Re: Is It Time to Give Obama a Break?
Posted by Shadi Hamid
Michael Cohen is asking liberals to "give Obama a break." I don't find his case very convincing. And I'm starting to think that "pro-Obama" liberals don't really understand why their colleagues are so disappointed. I've already written about this in a recent Huffington Post piece. So let me reiterate and expand on a couple of the points I made.
First of all, this isn't really about policy. Most people - even people who follow policy - don't particularly care about policy. That's not what gets them angry. That's not even really why/how they vote. Much of it, rather, has to do with the emotional component of politics, something which, I think, some liberals are quick to dismiss. This is very much in keeping with that most annoying post-Bush fetish - "pragmatism" - perhaps the most hollow, misleading, and misunderstood word ever to be bandied about in Washington.
What many liberals believed Obama would do was redefine how partisan and ideological debates were conducted and shift the American electorate leftward. He wouldn't accept Republican framing as a given and insist on presenting liberal policies in those terms. For once, as I wrote then, "we'd have Democrats who were proud of being liberals and didn't feel compelled to apologize for what they actually thought." Note that none of these things actually have to do with legislation or what extent congress blocks the president's agenda. They have to do with perceptions of strength, ideology, and conviction, three things not often considered the strong suit of American liberalism.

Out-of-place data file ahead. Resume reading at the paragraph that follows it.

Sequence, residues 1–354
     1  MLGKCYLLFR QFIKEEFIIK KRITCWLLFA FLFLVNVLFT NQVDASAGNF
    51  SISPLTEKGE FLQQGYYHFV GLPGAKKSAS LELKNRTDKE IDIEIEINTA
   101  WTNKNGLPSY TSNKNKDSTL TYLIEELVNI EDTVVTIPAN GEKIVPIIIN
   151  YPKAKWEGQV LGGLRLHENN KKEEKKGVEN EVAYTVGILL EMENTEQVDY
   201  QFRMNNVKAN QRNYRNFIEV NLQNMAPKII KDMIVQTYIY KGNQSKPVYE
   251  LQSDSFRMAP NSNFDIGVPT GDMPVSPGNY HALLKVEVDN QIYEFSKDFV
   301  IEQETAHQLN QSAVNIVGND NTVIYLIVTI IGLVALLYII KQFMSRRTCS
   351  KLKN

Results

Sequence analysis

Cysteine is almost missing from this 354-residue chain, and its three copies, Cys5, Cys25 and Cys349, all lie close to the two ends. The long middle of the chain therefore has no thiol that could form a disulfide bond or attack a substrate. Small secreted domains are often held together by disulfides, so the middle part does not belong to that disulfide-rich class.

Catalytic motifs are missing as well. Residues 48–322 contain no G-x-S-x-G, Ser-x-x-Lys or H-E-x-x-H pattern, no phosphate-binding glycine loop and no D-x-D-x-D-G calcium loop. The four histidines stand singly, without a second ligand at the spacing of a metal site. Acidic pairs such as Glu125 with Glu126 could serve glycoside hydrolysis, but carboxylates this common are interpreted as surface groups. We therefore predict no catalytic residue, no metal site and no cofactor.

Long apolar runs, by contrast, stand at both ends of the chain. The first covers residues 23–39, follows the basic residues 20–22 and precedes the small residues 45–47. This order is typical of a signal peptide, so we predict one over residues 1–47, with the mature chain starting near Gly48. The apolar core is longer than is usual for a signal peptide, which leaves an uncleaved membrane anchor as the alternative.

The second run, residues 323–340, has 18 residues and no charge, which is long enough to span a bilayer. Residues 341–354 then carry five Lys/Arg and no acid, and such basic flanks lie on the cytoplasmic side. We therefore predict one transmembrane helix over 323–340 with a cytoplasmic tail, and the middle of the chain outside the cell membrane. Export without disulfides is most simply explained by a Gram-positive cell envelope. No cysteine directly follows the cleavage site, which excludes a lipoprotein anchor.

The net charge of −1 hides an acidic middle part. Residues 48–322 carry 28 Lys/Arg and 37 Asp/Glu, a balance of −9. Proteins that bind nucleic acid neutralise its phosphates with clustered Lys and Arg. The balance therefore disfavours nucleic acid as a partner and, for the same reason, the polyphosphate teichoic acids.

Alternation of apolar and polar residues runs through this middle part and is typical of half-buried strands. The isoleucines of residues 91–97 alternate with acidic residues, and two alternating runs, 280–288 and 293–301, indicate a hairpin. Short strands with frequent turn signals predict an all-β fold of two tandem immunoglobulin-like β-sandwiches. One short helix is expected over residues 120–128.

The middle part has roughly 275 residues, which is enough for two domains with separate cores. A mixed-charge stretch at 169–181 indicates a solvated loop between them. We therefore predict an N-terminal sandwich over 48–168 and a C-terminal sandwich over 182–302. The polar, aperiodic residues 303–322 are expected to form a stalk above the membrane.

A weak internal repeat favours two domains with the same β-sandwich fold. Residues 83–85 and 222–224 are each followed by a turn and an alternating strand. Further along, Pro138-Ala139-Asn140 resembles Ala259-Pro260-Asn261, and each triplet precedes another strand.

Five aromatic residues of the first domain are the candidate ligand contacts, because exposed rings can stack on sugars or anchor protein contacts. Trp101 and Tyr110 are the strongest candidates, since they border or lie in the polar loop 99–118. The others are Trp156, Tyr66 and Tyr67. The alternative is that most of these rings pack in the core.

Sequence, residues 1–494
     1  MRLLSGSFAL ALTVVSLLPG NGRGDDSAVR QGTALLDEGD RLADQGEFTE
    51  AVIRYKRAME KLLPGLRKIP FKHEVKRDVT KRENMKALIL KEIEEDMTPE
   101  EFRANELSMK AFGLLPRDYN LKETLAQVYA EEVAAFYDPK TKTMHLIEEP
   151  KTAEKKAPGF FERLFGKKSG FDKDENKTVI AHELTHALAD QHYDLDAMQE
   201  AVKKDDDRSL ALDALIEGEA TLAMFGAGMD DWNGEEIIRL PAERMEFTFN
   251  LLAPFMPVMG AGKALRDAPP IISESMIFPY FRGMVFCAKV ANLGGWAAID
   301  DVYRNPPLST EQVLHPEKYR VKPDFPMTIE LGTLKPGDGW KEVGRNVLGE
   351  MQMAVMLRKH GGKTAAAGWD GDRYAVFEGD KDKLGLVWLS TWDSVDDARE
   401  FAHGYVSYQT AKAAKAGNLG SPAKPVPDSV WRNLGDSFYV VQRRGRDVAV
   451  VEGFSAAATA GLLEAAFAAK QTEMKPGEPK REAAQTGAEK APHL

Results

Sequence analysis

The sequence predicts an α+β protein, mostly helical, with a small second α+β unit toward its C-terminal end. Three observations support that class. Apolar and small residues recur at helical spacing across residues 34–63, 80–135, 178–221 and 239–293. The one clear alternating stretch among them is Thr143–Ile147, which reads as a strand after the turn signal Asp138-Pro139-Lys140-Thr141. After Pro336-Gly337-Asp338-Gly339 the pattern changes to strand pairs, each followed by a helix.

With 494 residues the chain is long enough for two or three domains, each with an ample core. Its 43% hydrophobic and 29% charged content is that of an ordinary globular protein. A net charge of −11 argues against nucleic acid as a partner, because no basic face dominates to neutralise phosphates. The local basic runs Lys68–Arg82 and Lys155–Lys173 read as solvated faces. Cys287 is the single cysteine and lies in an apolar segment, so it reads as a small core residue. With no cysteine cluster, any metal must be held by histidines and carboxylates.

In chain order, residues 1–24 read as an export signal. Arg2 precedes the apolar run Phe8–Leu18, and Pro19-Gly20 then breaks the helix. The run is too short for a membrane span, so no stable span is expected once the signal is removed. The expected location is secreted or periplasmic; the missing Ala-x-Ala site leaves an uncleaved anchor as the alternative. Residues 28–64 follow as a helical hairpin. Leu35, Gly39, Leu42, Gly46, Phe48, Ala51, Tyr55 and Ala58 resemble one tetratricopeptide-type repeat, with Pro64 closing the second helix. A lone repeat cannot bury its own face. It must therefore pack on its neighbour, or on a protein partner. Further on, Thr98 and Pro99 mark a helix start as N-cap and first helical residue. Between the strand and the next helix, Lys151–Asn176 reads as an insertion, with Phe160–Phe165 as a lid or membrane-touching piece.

In other words, the Left wants to feel that Obama is on their side, fighting for what they believe in, independent of whether or not it leads to tangible policy/legislative successes. If he can't deliver, fine, but at least put in some effort and say it like you mean it (see public option). How many instances are we aware of where the Obama administration arm-twisted centrist Democrats, making clear the repercussions if they failed to support liberal objectives (again, see public option)?
Do I have a strong, informed opinion on the public option, as a policy? No. Do I know anyone who has a strong, informed opinion on the public option, as policy? Maybe, but only a few. Do I know anyone who has a strong opinion on the public option, as a signal and as an idea? Yes.